Hepatitis C FAQ
1. What is hepatitis C anyway?
Hepatitis means inflammation of the liver. The liver is a vital part of the body. If it does not work properly it can cause serious illness or sometimes even death. The liver breaks down waste products in your blood. When the liver is inflamed, it doesn't do a good job of getting rid of waste products. A visible sign of the build up of waste products is jaundice, or going yellow.
Hepatitis can be caused by many things: drinking too much alcohol or taking certain medicines, for example. Many viruses can cause hepatitis, too. Hepatitis C is a blood-borne virus — that is it lives and spreads in blood.
Hepatitis C is the most prevalent liver disease in the world. It is often called the ‘silent’ epidemic because someone can be infected for decades before the infection is discovered. Hepatitis C emerged at the beginning of the 1960s and since then has been associated with blood transfusions and injecting drug use. The extent of the problem only became clear after 1990 when reliable hepatitis C blood tests first became available.
Hepatitis C is the most common life threatening infection in Australia. Over the last 30 years, an estimated 250,000 people have been infected, with an estimated 10,000 new infections annually. Of those infected, 80-85% develop chronic liver disease. Of those, 10-20% will develop cirrhosis within 20 years, and of those with cirrhosis, 5% will develop liver cancer.
2. Can you get hepatitis C through sex?
Possibly, but unlikely. Many couples live together for years where one is positive and the other is negative without transmitting the virus from one to the other.
Although hepatitis C is unlikely to be sexually transmitted, transmission can occur during unprotected sexual contact if the sexual activity involves blood-to-blood contact. The sexual spread of hepatitis C is due to blood-to-blood contact rather than the presence of the virus in vaginal fluid or semen.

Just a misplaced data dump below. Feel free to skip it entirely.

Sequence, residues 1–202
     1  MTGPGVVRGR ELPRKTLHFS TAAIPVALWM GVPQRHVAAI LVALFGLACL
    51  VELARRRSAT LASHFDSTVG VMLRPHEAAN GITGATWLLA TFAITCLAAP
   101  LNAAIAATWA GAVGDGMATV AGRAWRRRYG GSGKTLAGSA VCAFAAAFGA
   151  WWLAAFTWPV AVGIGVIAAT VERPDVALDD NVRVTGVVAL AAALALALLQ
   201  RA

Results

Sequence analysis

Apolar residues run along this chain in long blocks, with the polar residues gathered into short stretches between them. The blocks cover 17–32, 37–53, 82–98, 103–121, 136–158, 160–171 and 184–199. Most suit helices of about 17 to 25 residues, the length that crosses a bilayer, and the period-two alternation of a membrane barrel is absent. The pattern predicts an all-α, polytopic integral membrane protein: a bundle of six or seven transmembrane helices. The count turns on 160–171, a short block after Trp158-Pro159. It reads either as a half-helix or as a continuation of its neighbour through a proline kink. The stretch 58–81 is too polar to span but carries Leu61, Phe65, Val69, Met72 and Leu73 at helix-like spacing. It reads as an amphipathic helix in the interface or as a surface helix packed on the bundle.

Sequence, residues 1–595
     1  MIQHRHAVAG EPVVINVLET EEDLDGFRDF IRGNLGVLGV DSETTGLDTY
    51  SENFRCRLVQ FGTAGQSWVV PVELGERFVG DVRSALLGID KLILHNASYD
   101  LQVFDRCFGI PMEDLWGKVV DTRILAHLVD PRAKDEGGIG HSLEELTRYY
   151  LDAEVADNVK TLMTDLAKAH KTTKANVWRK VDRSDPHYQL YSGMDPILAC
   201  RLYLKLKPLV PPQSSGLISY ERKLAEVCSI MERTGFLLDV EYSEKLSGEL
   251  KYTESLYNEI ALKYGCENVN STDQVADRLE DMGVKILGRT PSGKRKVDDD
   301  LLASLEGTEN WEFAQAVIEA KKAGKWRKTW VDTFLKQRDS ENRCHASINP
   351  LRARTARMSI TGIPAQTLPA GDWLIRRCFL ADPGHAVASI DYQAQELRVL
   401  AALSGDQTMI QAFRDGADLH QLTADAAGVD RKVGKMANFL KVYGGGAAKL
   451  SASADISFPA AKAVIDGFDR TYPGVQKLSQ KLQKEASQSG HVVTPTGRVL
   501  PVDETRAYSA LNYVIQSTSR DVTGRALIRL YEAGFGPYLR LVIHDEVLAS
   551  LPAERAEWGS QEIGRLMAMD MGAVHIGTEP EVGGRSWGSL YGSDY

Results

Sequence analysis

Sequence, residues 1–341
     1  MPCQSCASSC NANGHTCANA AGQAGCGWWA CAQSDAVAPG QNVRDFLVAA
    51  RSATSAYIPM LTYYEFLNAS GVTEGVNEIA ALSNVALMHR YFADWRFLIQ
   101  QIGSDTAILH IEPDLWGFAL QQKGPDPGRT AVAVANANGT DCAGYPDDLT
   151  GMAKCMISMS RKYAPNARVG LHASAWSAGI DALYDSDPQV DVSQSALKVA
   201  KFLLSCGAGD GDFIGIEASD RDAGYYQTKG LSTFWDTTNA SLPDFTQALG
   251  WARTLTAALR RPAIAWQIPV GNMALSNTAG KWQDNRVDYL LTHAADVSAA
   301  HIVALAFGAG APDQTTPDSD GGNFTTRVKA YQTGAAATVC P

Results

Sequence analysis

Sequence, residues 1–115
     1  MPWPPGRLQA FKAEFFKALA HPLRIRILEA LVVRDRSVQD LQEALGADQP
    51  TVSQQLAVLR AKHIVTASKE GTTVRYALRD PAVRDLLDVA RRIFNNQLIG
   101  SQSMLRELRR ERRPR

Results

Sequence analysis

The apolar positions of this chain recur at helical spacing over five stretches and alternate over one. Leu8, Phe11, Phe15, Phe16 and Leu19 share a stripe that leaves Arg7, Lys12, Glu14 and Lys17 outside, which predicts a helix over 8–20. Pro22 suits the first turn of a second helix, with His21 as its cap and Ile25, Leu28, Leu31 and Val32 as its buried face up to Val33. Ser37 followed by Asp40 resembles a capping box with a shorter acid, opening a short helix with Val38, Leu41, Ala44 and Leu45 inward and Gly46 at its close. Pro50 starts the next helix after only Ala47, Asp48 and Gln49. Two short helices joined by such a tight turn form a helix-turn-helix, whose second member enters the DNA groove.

3. Is sharing syringes the only way to get hepatitis C?
Though sharing syringes is the most likely way to spread hepatitis C it isn’t the only way. There are lots of ways to transmit infected blood when injecting with someone else, for example blood on fingers, spoons, tourniquets and so on.
Because hepatitis C is a blood-borne virus, anytime blood, even tiny amounts, is spread round there is a risk. The standard advice is not to share toothbrushes, nail scissors and clippers, or combs and hairbrushes because these things might transmit blood. However, many people are skeptical about the extent of the risk that these activities pose. Obviously you need to use common sense: for example if you’ve got bleeding gums, don’t share your toothbrush.
4. “I’ve had it and don’t have it anymore.” Is this possible?
There seems to be a lot of people with hepatitis C who believe they don’t have the virus anymore. It’s true that up to one in four people will spontaneously clear the virus but you’ll only know if you’re one of the lucky ones if you get a particular blood test. This test detects the presence of the virus, and you’ll need to get the test repeated six months later to make sure.
Some people who were tested in the early ‘90s, when not much was known about hepatitis C, were told after testing positive to an antibody test that they’d had the virus but don’t have it anymore.
5. Is it worth going onto treatment?
Hepatitis C treatment has improved dramatically over recent years. In the old days, when only interferon was available, success rates were pretty dismal. About 25% of people who went on it succeeded.
Today the interferon used is far better than before and has been combined with ribavirin (called combination therapy). Ribavirin stimulates the T cells in the body to fight the virus. Interferon attacks the virus by interfering with its ability to copy itself and spread throughout the body. The combination of ribavirin and interferon works by containing the virus and strengthening the body’s immune system.
The success of treatment is significantly influenced by the type of hepatitis C being treated. The common types in Australia are types 1a, 1b and 3. Types 1a and 1b are less responsive to treatment. About half the people who go onto treatment with types 1a and 1b succeed. The rate of success goes up to about 70% for people with type 3.
The other thing you would need to factor in when considering treatment is that the course of combination therapy is twice as long (48 weeks) for people with types 1a and 1b.